At some point you're going to want to ballast this thing so it'll sit on its nose gear, so let's take a look at one way to do that. The first thing you'll want to do is build up the interior, because you're going to need it for component alignment in a few minutes. Correct the angle at which Monogram has you seat the instrument panel into place since it's not slanted back like that on the real airplane, and cut away all of the structure on the inside of the left fuselage nose---it's there so you can display the kit's poorly detailed gunbay, and we're not going to do that. (At least I'm not. You can do it if you want to, but you're going to have to figure out how to ballast it yourself if you decide to do things that way.) Glue the forward part of the interior into place since it also serves as part of the cockpit floor, and install the resulting assembly into the model once you've got things detailed the way you like them. Next, take the ballast agent of your choice and put it into place using 5-minute epoxy, making certain that you don't foul the depressions that are intended for your gun barrels! I used a .495 diameter lead round ball, with a .375 diameter ball added just to be sure, and watched over the whole thing while the epoxy set, just to be certain nothing shifted while the stuff cured. Next you'll want to deal with the gun barrels. The kit provides a set, sortof, but they're done with 1970s technology and aren't all that good. I had an extra set of 1/48th scale Tamiya P-47 blast tubes laying around from a recent project (I used Master Barrels on that particular "Jug" so the kit barrels were spares) and they proved to be perfect for use on an F-80---they were the right diameter, could easily be cut to length and, most importantly, already had a hole in each end thanks to Tamiya's use of slide-mold technology on that Thunderbolt kit, so there were no holes to drill! With all of that done, the fuselage could be assembled. Progress, as it were!

It's time to start putting the big pieces together and getting this thing to look like an airplane! In my personal world opened panels on models generally aren't (shown opened, that is), because I prefer the completed projects to look somewhat like a real airplane would appear when sitting on a ramp, so that gun-bay panel that Monogram so thoughtfully opened up for us has been closed and sanded smooth. Four of the six .50 machine guns (those Tamiya barrels) have been installed; the last two, the ones at the very front, will go in after the sanding of the nose is completed and any unit markings are painted. The kit's somewhat lumpy and inaccurate gun sight is now gone, to be replaced later on in the project with a resin component, and the fuselage halves have been carefully fitted together and assembled with Tenax---doing it that way means minimal sanding and a little bit of polishing, which will simplify your life considerably. So far only a tiny bit of putty has been used, and the only reason for its use has been to repair things that I gomed up as I was going along. The only thing that really bears watching is making certain that everything that needs to be inside the model is actually there before you close up that fuselage. Oh, and the interior is slightly modified from the one supplied by the kit. I could've done more (an Eduard Zoom set intended for That Other F-80, for example), but it's not a big cockpit and I wanted to try an Old School build on the thing. So far, the only items used that weren't in the kit to begin with are the tailpipe, the guns, and the ballast weights.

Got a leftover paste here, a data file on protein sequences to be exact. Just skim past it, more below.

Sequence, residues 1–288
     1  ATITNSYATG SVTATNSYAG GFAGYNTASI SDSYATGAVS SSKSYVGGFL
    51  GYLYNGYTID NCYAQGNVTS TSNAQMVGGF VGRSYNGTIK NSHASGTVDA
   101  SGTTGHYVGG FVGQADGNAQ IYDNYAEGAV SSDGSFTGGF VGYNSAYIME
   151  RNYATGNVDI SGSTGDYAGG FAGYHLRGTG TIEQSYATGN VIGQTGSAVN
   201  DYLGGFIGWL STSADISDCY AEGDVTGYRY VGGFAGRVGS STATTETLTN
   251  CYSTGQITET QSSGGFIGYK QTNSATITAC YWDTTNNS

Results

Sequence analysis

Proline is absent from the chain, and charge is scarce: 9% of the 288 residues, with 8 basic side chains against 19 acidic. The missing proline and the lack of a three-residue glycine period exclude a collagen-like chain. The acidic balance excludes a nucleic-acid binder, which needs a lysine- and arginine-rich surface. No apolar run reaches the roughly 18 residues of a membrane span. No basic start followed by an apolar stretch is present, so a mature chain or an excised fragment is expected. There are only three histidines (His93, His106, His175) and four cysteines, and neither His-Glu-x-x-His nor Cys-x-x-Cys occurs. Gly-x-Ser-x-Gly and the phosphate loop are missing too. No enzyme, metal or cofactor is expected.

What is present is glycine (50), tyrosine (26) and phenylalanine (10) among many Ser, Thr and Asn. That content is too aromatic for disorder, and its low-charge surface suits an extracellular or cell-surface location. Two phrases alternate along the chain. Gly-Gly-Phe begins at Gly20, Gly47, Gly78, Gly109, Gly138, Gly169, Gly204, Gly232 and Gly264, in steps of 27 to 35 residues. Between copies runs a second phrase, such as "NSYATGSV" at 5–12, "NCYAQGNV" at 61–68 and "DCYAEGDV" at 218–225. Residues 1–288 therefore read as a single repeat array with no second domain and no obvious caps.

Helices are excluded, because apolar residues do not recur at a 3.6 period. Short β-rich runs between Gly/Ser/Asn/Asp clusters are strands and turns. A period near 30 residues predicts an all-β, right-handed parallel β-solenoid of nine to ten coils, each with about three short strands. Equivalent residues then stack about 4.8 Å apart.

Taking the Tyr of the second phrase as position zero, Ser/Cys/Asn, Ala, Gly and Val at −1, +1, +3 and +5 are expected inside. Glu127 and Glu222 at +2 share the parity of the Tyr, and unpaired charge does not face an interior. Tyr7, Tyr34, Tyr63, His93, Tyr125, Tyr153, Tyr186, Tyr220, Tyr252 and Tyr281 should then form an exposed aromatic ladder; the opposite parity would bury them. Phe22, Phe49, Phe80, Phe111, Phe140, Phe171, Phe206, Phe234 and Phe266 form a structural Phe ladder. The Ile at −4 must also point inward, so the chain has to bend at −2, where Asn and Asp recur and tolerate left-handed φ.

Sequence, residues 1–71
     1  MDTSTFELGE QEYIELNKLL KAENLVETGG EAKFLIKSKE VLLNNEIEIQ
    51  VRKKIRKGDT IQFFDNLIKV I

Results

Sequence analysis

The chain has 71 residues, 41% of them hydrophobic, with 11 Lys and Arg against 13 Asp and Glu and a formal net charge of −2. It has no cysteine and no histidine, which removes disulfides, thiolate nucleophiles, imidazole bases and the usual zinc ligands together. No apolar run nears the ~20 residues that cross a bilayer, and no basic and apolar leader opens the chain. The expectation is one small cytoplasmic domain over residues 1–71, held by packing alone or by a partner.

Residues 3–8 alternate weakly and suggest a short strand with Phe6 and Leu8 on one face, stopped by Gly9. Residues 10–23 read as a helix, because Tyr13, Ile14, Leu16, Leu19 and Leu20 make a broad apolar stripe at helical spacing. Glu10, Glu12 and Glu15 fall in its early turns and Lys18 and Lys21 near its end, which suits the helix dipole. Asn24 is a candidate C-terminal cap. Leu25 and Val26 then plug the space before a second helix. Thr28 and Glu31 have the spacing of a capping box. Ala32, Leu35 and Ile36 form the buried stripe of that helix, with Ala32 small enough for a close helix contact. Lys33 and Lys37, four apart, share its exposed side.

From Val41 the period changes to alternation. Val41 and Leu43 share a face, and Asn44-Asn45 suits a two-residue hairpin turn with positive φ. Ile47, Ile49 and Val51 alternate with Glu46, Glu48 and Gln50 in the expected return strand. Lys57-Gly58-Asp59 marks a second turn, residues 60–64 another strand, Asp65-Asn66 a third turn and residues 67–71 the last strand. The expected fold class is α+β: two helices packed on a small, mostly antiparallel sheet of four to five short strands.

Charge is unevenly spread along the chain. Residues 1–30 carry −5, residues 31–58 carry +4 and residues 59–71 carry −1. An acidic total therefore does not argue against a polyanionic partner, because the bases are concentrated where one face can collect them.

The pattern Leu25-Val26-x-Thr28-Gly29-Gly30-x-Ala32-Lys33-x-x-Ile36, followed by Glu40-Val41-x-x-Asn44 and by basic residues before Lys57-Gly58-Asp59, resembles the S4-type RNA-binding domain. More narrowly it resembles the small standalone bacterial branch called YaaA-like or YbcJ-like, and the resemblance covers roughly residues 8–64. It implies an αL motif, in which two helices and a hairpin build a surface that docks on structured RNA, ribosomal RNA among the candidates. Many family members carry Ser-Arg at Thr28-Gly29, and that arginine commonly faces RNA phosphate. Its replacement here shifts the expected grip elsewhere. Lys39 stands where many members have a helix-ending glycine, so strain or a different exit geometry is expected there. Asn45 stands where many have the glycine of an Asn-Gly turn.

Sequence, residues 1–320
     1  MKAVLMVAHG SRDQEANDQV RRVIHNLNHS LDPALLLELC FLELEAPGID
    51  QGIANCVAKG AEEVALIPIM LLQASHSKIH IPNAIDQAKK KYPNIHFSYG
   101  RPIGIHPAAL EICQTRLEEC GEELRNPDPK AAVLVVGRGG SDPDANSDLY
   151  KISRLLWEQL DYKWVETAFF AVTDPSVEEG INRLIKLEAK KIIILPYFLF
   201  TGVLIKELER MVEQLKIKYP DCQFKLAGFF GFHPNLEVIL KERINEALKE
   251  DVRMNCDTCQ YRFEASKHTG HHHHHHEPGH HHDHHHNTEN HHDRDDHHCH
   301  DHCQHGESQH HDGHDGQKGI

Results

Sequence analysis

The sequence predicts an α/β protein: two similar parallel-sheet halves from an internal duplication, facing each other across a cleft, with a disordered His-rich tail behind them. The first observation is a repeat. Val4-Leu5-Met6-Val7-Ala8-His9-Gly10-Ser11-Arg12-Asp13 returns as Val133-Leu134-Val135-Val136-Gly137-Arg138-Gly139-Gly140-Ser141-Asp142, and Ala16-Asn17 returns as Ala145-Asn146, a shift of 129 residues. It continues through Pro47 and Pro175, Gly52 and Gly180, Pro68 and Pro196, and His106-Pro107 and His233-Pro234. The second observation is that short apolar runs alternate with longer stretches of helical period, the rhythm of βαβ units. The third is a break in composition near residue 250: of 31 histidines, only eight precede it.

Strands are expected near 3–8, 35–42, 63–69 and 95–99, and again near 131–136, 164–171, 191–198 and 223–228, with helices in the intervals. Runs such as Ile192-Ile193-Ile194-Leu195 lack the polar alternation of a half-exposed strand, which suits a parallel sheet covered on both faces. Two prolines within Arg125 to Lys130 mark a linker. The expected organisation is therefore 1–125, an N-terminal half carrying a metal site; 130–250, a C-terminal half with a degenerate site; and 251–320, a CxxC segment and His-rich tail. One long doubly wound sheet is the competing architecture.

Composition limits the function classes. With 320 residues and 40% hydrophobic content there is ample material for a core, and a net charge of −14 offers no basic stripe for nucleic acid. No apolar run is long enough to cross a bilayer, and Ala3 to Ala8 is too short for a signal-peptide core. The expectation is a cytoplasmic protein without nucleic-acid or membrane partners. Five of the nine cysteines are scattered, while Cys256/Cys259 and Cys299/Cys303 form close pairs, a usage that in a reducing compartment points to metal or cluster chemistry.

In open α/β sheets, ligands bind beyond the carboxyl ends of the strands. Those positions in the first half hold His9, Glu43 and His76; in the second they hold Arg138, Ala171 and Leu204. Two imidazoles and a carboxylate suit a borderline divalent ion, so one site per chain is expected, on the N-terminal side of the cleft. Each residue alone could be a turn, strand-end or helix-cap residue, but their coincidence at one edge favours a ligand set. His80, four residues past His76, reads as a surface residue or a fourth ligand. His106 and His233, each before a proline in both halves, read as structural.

Here's the other side of the assembled fuselage, mostly to show you what that side looks like. There's a tiny L-shaped pitot-thingy molded up under the nose and so far it's still there. We'll see how long that lasts, I suppose, but for now everything is pretty much where it should be. It's beginning to look a little bit like a Shooting Star, isn't it?

The horizontal stabs and elevators really show their age on this kit, but there's nothing there that's insurmountable. Each part has a pair of sink marks that require filling and sanding, and the port-side piece has a copyright mark and the letters MMI that need to be sanded off, but that's about it. Clean 'em up, polish 'em, and set 'em aside for a while!

Here we have an assembled wing, painted, sort-of, and in some respects ready for installation on the airframe, even though we aren't going to do that just yet. Instead, we're going to let the paint (Floquil Old Silver) dry for a few days to make sure it's good and hard, and then polish it out with a soft cloth. Once that's done it'll be time to go back with low-tack masking tape (or, more likely, Post-It notes), and mask the few areas of the airplane that are in contrasting shades of natural metal so we can address that part of the painting process. The holes for the kit's wing pylons have been pre-drilled but the pylons themselves won't go on the airplane until after the under-wing decals have been applied, since the pylons were installed over the markings on the real airplane. Doing things this way will simplify life as well as reduce the profanity level in your workshop. One more thing before we leave the bottom wing assembly; Korean War F-80s often had an additional set of pylons inboard of the "normal" ones to allow rockets to be fitted to the aircraft in addition to bombs or napalm. The kit doesn't provide them so you'll have to decide for yourself whether you want to scratch-build a set or not---they're not always there, but they're really obvious when they are. One final note: Those little doohickeys on the aft center-section of the wing are supposed to represent the hooks used to mount RATO bottles to the aircraft. It's entirely likely that this particular model will have those bottles attached (stolen from the F-84 kit of my choice) and that simple act will hide the fact that the kit's hooks really aren't, but if you're after a super-detailed F-80 and don't plan on mounting RATO, it might be worth-while to replace those little bumps with actual hooks. That's your choice, isn't it?